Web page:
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Lance Izumi


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[Publisher’s Note: As part of an ongoing effort to bring original, thoughtful commentary to you here at the FlashReport, we are pleased to present this column from Lance T. Izumi, Koret Senior Fellow and Senior Director of Education Studies at Pacific Research Institute.]

If you are new to the FlashReport, please check out the main site and the acclaimed FlashReport Weblog on California politics.

Lance Izumi

As California students take new state tests aligned to the controversial and much-criticized Common Core national education standards, the State Board of Education announced that scores on the tests will not be used to hold public schools accountable for performance in the 2014-15 school year. More troubling, however, are the findings of a just released report detailing major flaws and deficiencies in the tests themselves.

Supporters of the Common Core national standards, which replaced California’s own state education standards, claim, among other things, that student scores on the new tests, which are designed to be taken on computers, shouldn’t be used for accountability purposes this year because of the supposed rigor of the Common Core standards. State Board of Education president Michael Kirst argued, “You can’t move from low level standards to standards that make students college and career-ready overnight.” However, even pro-Common Core researchers acknowledge that the Common Core standards are weaker than California’s former state standards.

Comparing California’s previous state standards to Common Core standards, the pro-Common Core Fordham Institute concluded, “California’s [English language arts] standards are clearer, more thorough, and easier to read than the Common Core standards.” Further, “California’s [math] standards are exceptionally clear and well presented, and indeed represent a model for mathematically sound writing” and are “easier to read and follow than Common Core.”

The problem with the new Common Core tests, therefore, isn’t that they are based on stronger standards, but, rather, that they are inherently flawed.

In a report released this month, education analyst Steven Rasmussen of SR Education Associates, found that, based on publicly available sample math questions, the Common Core tests: “Violate the standards they are supposed to assess; cannot be adequately answered by students with the technology they are required to use; use confusing and hard-to-use interfaces; or are to graded in such a way that incorrect answers are identified as correct and correct answers as incorrect.”

For example, on a high-school sample test, Rasmussen reviewed a word problem involving two cars, driven by Justin and Kim, which cover different numbers of miles using gasoline at different rates of consumption. The question asks test-takers, “how far can each car travel with 1 gallon of gas.” However, instead of simply filling blanks with the correct answers, the question asks students to drag the icons for Justin and Kim’s cars onto a number line on the computer screen. The trouble then starts.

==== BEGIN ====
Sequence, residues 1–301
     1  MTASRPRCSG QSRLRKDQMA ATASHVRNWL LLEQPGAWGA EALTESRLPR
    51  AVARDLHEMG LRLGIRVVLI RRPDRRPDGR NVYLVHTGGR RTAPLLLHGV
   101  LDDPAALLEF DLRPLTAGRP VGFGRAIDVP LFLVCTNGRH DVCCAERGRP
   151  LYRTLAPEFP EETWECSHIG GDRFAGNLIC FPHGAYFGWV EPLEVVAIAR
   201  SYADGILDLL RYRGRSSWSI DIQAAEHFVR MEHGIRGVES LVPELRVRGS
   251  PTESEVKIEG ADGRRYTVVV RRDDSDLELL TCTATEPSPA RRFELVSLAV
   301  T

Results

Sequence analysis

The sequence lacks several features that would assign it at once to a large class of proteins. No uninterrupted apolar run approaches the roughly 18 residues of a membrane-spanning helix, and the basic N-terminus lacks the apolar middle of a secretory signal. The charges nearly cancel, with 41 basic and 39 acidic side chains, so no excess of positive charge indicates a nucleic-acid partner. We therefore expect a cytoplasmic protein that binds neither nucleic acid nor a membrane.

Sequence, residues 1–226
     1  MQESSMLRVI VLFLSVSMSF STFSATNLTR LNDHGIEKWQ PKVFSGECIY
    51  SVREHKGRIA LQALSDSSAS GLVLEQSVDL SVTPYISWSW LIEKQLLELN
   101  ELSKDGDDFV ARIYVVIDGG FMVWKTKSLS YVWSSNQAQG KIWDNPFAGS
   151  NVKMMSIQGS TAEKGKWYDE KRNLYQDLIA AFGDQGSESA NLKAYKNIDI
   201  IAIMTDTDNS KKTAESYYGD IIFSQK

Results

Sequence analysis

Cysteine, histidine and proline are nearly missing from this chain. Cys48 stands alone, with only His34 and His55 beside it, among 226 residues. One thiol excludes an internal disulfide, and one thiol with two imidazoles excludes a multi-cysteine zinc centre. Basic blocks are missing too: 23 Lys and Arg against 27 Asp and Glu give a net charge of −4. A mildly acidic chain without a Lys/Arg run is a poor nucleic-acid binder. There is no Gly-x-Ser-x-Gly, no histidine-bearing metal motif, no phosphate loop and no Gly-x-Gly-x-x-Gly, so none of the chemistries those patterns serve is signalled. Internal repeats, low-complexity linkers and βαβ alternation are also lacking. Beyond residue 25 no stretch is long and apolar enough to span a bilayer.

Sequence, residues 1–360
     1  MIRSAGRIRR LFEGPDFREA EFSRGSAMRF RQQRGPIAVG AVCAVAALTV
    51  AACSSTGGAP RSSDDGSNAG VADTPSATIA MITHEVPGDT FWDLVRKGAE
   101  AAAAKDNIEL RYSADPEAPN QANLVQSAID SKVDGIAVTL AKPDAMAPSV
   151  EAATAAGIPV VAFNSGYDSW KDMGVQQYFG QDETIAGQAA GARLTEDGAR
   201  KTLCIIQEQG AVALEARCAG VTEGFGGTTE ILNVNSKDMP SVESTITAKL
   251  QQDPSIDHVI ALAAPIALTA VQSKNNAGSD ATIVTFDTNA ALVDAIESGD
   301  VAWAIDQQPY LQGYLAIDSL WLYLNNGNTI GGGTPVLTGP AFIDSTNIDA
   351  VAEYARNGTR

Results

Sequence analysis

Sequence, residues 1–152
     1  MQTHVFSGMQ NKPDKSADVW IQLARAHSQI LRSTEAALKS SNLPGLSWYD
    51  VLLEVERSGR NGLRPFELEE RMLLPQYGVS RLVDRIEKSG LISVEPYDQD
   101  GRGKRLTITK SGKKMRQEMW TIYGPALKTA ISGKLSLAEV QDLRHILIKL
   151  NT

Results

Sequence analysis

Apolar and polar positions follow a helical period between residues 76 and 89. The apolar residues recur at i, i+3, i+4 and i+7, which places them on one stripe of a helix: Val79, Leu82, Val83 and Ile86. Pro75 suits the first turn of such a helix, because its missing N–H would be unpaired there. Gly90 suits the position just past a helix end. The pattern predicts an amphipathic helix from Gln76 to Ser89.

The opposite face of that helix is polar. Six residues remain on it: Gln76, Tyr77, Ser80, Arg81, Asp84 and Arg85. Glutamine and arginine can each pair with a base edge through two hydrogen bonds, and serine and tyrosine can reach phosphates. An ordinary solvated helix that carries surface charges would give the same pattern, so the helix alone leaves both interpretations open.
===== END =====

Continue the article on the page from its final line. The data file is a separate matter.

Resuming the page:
Rasmussen discovered, “if a student calculates 25 1/5 as the mileage for Justin ‘s car and drags the car to this spot [on the number line], Justin’s car snaps to 25 – the correct answer.” Since the question doesn’t ask students to round their answers to the nearest whole number, snapping the student’s placement to the nearest whole number on the number line creates a disturbing problem: “The test’s scoring mechanism wouldn’t know the student calculated incorrectly. Any answer a student calculates between 24 ½ and 25 ½ becomes a correct answer.” Thus, “we can’t tell what a right answer means because the [testing] system corrects many wrong answers into right ones.”

Rasmussen emphasizes that such defects on the new Common Core tests are not isolated. “The poor craft,” he concludes, “is not confined to this single test,” but “run through all of the [grade-level math] tests.” Further, because thousands of test questions have already been produced and deposited in the test-item databank, “Bad items will surface on tests for years to come.”

Teachers report that their students are having great difficulty with the computer interface tools provided by the tests. For example, one fifth-grade teacher videotaped her tech-savvy students taking the sample test questions and found that they couldn’t figure out how to enter a fraction on the computer-screen keypad on the tests (e.g., when one student tried to enter “5 ¼” using the keypad, the keypad automatically made the “5” the numerator of the fraction). In fact, on a wide variety of types of questions, the students were perplexed as to how to use the different computer interface tools.

In conclusion, Rasmussen says, the “tests are lemons” that “fail to meet acceptable standards of quality and performance, especially with respect to their technology-enhanced items.” He warns, “No tests that are so flawed should be given to anyone” and urges, “They should be withdrawn from the market before they precipitate a national catastrophe.”